By Bob Katzen

House 143-3, approved a bond bill allowing the state to borrow up to $2.2 billion for climate change adaptation, environmental and natural resource protection, and investment in recreational assets.

The package includes earmarks for hundreds of millions of dollars for hundreds of projects in legislators’ districts across the state — many of which will never be funded. The Baker administration ultimately decides which projects are affordable and actually get funded but it cannot fund most of them because the governor’s office is also required to adhere to the state’s annual bond borrowing cap.

Provisions include $60 million for the construction, reconstruction and rehabilitation of seawalls, jetties and retaining walls; $180 million for state and local dams; $7.5 million for water and air quality protection; $40 million for the containment, monitoring and cleanup of oil and other hazardous materials; and $9 million for an Electric Vehicle Incentive Program.

“Our commonwealth is once again a leader in regard to combatting the nation’s most dire policy issues, one of those being environmental change,” said “Smitty” Pignatelli (D-Lenox), chairman of the Committee on Environment, Natural Resources and Agriculture.” I am proud to say that the [bill] … includes strategic investments in environmental protection and coastal infrastructure. Over the last few years, we saw communities across Massachusetts be ravaged by environmental destruction from severe drought to coastal flooding, and this … bill provides the critical funding our state needs to adapt and mitigate to future environmental impacts.”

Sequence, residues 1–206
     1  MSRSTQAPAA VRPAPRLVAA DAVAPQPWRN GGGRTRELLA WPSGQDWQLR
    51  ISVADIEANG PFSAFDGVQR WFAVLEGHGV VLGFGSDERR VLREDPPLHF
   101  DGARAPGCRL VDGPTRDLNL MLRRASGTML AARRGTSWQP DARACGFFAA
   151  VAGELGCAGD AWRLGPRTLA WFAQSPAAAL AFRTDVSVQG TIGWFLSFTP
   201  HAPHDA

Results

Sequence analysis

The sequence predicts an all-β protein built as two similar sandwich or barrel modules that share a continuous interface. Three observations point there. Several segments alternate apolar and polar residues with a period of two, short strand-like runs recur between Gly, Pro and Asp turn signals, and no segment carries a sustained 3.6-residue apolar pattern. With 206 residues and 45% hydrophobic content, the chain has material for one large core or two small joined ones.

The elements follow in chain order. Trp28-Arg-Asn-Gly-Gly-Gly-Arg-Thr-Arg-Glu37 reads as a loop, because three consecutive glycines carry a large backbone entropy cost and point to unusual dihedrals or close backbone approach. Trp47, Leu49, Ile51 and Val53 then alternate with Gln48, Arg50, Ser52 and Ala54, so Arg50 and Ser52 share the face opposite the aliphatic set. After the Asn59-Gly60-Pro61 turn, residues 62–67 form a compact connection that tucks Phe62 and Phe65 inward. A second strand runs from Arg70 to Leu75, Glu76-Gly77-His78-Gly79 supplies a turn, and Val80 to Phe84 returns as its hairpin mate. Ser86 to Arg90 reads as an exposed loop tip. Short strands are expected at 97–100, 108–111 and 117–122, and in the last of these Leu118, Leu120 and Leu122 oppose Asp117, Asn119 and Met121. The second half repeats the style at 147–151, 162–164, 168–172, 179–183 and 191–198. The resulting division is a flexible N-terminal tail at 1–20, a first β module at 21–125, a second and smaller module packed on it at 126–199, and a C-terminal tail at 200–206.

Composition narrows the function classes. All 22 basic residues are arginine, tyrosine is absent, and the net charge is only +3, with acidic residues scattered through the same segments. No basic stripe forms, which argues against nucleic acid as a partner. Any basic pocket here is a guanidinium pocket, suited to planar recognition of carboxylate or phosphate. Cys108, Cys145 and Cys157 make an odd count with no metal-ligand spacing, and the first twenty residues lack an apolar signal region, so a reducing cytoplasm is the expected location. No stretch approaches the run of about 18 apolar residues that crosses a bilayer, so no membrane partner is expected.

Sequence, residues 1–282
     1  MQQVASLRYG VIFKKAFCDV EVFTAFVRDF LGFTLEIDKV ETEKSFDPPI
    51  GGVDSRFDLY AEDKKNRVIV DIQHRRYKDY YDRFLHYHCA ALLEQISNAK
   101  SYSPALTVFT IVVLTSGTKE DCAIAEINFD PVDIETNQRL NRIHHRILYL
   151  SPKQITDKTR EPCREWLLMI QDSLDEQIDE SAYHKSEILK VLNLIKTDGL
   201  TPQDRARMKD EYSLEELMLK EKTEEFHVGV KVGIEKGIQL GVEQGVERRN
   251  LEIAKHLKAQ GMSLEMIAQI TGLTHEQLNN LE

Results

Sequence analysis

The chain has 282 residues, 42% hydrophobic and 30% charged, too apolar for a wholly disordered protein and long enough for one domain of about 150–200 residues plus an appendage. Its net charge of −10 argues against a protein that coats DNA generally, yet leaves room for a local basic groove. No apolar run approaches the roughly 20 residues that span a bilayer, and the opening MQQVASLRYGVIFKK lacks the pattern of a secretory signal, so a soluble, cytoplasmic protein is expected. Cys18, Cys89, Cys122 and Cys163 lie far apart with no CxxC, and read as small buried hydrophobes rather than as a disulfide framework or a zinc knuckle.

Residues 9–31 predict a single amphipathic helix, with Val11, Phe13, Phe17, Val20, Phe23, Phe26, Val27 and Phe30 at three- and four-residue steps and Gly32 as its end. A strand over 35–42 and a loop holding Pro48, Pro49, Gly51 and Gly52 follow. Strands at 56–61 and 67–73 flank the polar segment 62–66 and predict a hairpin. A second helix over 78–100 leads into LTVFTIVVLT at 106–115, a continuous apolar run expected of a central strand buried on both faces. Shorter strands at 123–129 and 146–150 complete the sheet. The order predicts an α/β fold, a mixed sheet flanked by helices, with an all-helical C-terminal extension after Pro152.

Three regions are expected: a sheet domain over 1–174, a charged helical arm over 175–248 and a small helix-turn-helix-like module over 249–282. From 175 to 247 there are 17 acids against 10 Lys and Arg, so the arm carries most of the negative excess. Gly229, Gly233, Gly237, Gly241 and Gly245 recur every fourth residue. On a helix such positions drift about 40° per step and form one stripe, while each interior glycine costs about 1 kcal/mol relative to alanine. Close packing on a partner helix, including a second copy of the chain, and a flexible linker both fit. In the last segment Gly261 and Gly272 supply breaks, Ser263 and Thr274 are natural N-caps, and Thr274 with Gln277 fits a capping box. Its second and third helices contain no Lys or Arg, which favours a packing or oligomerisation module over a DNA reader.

“I was proud to vote in favor of H 4599,” said Rep. Frank Smizik (D-Brookline) chairman of the House Committee on Climate Change. “I was especially pleased by the inclusion of key provisions from my climate adaptation management plan bill … These measures will help our state to prepare for the increasingly severe impacts of climate change and to protect our communities for decades to come.”

“Over the last month or so, the House has approved nearly $10 billion in bond spending,” said Rep. Marc Lombardo (R-Billerica). “We are already at the top of the list for states with the highest debt per capita. We can’t continue to saddle our children with enormous debt.”

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